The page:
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Self-care for Medical Students: Reflection by Hassan Farooq

In only two weeks, having gained much in the way of insight into self-care I have begun a process of adapting and trialing changes to my way of living. Some have already borne fruit whilst others will take more time and discipline. This reflection will outline the ways in which I have adapted my lifestyle to become more caring to myself and hopefully as a result, to others. 

 

Diet

The first week focused on diet, sleep, exercise work and the energetic state of being. Diet was perhaps the easiest change to make. Having presented on the“milk myth” and listening to presentations on gluten and sugar I attempted to change my diet to exclude or at the very least limit foods that are affecting my state of well being. At the time of writing, I have successfully limited my intake of milk and chocolate to “cheat days” which is just one day a week. Initially it seemed like a chore to replace milk in my diet but fortunately I soon found a suitable alternative which is not much of a compromised on taste. From this modest change, I have in the space of a week noticed that my skin is in better condition which is perhaps co-incidental but pleasing nonetheless. Surprisingly, sugar in the form of chocolate was not tough for me to cut out. I am not a big chocolate eater anyway and usually only consumed chocolate when bored. Simply removing it from the house was enough for me to go a week without even noticing. The last food related change I made over the week was to go caffeine-free. I enjoy my coffee but hardly ever drink it as a pick-me-up, so it made little sense to continue drinking it and allowing it to put me in a higher energetic state. Changing to decaffeinated coffee made a big difference as I don’t experience the warm restlessness and energetic excitement I would otherwise get with each coffee. Not long ago, decaffeinated soy coffee would have sent a shiver up my spine but now it has effortlessly replaced my regular coffee, perhaps for good.

Sleep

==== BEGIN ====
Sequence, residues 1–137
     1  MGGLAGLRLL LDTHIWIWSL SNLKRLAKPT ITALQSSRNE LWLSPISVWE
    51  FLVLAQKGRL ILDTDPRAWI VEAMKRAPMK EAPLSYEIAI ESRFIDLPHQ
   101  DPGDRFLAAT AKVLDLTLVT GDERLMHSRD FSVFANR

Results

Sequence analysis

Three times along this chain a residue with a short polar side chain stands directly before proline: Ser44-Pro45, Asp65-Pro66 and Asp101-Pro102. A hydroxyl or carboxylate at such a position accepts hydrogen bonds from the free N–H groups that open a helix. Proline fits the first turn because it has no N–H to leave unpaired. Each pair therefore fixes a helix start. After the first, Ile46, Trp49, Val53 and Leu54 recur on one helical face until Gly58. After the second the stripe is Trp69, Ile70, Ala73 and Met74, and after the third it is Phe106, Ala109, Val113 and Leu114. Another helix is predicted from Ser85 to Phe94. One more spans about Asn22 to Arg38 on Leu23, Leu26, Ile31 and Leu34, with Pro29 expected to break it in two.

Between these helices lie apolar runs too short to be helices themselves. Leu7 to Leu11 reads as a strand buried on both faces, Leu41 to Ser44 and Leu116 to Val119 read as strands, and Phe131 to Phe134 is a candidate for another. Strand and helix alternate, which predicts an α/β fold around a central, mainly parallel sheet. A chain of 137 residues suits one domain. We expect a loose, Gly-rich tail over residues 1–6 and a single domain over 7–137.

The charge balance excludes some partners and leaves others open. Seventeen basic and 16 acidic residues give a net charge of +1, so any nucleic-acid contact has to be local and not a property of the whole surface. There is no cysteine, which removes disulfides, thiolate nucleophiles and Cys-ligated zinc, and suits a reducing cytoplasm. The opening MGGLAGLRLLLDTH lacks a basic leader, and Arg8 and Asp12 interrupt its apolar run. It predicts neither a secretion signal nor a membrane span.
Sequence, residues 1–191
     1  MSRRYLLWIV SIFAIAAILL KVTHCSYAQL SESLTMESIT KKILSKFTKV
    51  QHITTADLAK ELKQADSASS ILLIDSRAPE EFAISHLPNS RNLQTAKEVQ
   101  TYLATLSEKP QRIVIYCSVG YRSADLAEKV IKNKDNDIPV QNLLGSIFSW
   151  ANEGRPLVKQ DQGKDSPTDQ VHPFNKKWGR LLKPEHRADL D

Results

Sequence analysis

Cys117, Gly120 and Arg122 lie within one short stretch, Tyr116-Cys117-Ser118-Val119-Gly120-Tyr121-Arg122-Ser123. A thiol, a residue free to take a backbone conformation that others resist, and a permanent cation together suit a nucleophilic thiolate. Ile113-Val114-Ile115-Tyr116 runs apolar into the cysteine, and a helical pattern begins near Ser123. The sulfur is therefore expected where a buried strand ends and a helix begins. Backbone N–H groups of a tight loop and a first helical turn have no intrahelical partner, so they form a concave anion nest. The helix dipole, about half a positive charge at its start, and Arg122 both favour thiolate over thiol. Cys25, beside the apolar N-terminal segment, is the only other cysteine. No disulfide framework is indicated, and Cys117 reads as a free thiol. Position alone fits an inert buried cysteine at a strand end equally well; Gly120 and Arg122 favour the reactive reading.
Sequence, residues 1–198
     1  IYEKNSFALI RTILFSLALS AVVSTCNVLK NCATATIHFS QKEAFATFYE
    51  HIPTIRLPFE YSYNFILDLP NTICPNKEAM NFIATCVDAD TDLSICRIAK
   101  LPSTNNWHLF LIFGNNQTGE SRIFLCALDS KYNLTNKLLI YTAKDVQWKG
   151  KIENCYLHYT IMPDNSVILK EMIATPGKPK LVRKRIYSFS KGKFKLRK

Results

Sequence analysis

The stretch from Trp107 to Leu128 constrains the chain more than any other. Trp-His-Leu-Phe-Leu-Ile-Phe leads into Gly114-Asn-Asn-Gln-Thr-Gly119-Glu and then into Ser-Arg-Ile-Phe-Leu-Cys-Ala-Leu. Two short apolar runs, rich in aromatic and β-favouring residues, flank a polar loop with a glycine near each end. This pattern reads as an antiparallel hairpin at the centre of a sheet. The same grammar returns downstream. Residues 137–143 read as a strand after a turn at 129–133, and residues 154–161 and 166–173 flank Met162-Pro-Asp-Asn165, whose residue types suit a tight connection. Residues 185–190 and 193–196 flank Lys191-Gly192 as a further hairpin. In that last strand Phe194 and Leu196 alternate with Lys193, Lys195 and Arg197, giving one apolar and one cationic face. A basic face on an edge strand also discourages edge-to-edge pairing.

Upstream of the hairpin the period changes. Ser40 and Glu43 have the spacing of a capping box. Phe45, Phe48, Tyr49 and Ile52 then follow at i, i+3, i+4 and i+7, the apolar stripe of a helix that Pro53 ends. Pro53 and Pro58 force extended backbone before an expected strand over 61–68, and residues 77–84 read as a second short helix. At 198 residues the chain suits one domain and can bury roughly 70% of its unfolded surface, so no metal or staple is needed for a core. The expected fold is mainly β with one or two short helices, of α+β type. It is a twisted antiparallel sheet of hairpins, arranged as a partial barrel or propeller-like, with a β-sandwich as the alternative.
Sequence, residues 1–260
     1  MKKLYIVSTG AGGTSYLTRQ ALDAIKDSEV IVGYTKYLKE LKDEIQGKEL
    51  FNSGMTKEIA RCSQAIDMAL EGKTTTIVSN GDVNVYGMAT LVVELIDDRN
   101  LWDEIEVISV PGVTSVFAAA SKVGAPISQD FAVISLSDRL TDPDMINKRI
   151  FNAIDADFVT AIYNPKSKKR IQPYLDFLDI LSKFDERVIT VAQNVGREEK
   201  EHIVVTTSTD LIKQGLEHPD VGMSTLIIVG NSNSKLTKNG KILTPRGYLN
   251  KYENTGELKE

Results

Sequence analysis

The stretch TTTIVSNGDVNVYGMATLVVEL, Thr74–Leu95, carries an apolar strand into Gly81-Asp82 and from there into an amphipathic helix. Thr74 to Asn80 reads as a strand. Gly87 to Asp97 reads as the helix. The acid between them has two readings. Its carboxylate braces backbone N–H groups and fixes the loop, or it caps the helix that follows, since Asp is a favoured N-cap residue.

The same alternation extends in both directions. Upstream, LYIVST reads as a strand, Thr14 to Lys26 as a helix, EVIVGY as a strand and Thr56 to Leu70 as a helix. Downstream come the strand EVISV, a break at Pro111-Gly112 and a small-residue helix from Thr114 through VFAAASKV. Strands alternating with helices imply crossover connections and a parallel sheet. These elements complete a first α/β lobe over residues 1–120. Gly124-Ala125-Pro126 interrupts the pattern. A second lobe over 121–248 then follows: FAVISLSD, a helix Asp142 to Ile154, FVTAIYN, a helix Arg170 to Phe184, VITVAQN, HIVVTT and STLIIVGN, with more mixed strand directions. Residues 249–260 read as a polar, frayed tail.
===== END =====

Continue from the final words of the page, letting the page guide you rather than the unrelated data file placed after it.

Moving on from food and definitely just as important has been my attempts to rest sufficiently by sleeping earlier. I would consider myself a good sleeper however I am quite sensitive to the effects of a lack of sleep. Before starting this module, I was getting by on approximately 6 hours of sleep, not listening to my body when I was tired and just getting on with it. During the last week, I attempted to get into bed by 11PM giving me 7-8 hours of sleep. The results were no surprise to me, waking up energetic was great and barring one day I managed to keep it up. Ideally I would like to get to bed even sooner, perhaps half an hour earlier, which would give me time in the morning to do other things rather than just getting ready to leave the house. I enjoyed the time I gained in the morning for the week as it was time that I had more focus and fewer distractions. Making effective use of this time could pay dividends and make up for time that feels lost in the evening, making the following day less hectic and rushed. In addition to the noticeable benefits in energy I was pleased to find various health benefits associated with regular, fulfilling sleep. From reduced risk of psychological illness to potentially reducing the risk of cancer, sleep seems to be a small price to pay for the protection it offers.

Challenges – staying present

Moving on from aspects that I found success with are some changes that I struggled with and need to work on. Gaining more focus was one of my primary aims after experiencing gentle breath meditation (GBM). GBM allowed me to clear my mind of thoughts that were not important at the time. Thoughts that I could not act on or address. This exercise quietened a lot of the “background noise” from my mind which instantly brought me into the current moment and all the sensations associated with it, bringing me back to “centre”. Often I find myself drifting away from centre as the day progresses and this was a handy way of getting back in less than five minutes. Practicing this during the last two weeks has not been easy because I forget to include it in my day. However, on the occasions that I have carried it out, I have benefited from the clarity and sense of calm it brings me.

Coupled with GBM was ‘conscious presence’, another concept that I found interesting as I could relate to the often “absent” way in which I carried out day-to-day tasks. From my understanding of it, conscious presence involves being in the moment and taking in all the sensations of the activity being undertaken. I, on the other hand deliberately distract myself whilst carrying out activities such as showering, cooking, and ironing. This is because I get bored with mundane tasks and like to keep myself entertained. This was perhaps limiting my ability to engage in the experience fully. I wanted to gauge the benefits of being conscious through these tasks and to not only carry them out better but to enjoy them more also. This is a lot easier said than done, often I found myself turning to music or TV to avoid the boredom. I noticed that I used these activities to catch up with TV and to entertain myself when I wasn’t able to at other times of the day. However, the quality of this time is low and perhaps that is why I always feel unfulfilled by such experiences. I see conscious presence as a means by which I can find fulfillment in many of the things I do, however I must forget to multitask and re-learn how to uni-task again. This will take time as it is a habit developed over years.